How to Analyse a Business: The 5 Keys to Value Investing

The first key to value investing is understanding the business: how the industry works, the company's quality, and some red flags to look out for.

The first key to value investing is understanding the business: how the industry works, the company's quality, and some red flags to look out for.

But first Dennis talks about Mutual Series Funds’ approaches:

  1. Pure value opportunities, such as identifying significantly undervalued companies or well-run cyclical companies at the bottom of their cycles
  2. Event-driven opportunities, such as corporate restructurings and spin-offs
  3. Bankruptcies, mergers and acquisitions

Then, they look for:

  1. A catalyst
  2. A margin of safety
  3. Check the proxy statement to check whether the management’s financial incentives align with shareholders.

The 5 Keys to Value Investing

By J. Dennis Jean-Jacques

Published in partnership with Victor Investing.

Looking at the Mind of the Investor

People are emotional creatures who are driven by fear, greed, and gambling instincts. We often believe what we want to believe, and tend not to take into account what the facts dictate.

Short on courage, we at times lack the conviction from our own work. We are often too short-term oriented.


Overconfidence may lead investors, often caught up in the moment, to overlook critical facts in their analysis of a situation. Slowly, emotions can take over, as these investors trade in and out of bad investments in a frantic effort to recoup losses, save face, or worse, push their luck during bull markets.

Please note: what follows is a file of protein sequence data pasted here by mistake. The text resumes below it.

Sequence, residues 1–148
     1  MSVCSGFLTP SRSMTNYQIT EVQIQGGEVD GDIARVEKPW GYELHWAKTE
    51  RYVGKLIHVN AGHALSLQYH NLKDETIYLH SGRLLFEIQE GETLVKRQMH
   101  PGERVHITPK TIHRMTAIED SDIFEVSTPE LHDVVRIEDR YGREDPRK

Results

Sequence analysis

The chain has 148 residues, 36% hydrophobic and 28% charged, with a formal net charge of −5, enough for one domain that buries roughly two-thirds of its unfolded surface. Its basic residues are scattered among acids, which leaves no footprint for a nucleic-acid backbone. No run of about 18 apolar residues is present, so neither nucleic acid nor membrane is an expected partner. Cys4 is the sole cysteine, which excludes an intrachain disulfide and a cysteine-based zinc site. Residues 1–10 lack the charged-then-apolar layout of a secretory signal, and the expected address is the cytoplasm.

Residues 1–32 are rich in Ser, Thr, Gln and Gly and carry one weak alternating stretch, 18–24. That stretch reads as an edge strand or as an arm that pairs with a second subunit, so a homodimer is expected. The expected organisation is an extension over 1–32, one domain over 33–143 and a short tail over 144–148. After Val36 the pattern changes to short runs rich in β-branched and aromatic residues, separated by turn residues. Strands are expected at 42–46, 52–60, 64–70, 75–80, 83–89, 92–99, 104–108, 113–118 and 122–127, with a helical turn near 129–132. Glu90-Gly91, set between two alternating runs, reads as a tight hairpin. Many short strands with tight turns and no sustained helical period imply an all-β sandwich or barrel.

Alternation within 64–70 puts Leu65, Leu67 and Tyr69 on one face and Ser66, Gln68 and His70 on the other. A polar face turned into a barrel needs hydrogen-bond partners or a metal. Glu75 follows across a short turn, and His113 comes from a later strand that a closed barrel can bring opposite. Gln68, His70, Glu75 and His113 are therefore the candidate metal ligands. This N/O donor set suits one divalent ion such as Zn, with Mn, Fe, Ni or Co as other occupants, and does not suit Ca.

The Internet fuels this danger of overconfidence because of what some call “illusions of knowledge” — the tendency for decision makers to believe that their investment skills increase dramatically simply by getting more information. With so much access to information on a particular company, an overconfident investor can make a case for just about any outcome, no matter how illogical it is — particularly if the information is coming from questionable Web sites. This is a danger for all of us if we lack the training necessary to sift properly through vast amounts of information and inter- pret them appropriately. As a result, many investors rely heavily on Internet chat rooms, news groups, Web postings, and other research.

Concern, Complacency, and Capitulation

The typical investor becomes concerned after the market has dropped or the economy seems to have faltered, which keeps this particular investor from buying good businesses at excellent prices.

Following this logic, after the investor buys at higher prices, he or she gets complacent when the stock continues to rise. This is precisely the time to review the company’s fundamentals. However, this type of investor will generally let it ride. Then finally, when the stock falls on hard times, and the price falls below the purchased price, the investor capitulates and sells on a whim.

Five Questions to Ask When Buying a Stock

  1. Is this a good business run by smart people?
  2. What is this company worth?
  3. How attractive is the price for this company, and what should I pay for it?
  4. How realistic is the most effective catalyst?
  5. What is my margin of safety at my purchase price?

An example that Dennis made was Varian Associates, and using the Five Keys of Value framework:

Business: Excellent company with strong market positions, and management teams with a great outlook.

Value: Fair value at $55 per share.

Price: At $33, buying at a 40% discount to fair value.

Catalyst: Breaking up the company.

Margin of Safety: Downside is 12% with a 67% upside potential, getting an entire division for nothing.

Three Approaches to Analysing a Business

Before performing a valuation, we must understand the business, management and industry dynamics. Dennis suggested 3 different approaches:

Vertical Assessment Approach

Vertical Assessment Approach: The 5 Keys to Value Investing

The use of common size analysis in the vertical assessment approach:

  • Comparing with competitors by showing all items as a percentage of sales
  • Use to analyse the strength and consistency of their margins

Return on Equity (ROE) Approach

ROE Decomposition: The 5 Keys to Value Investing
  • Used as a relative metric between competitors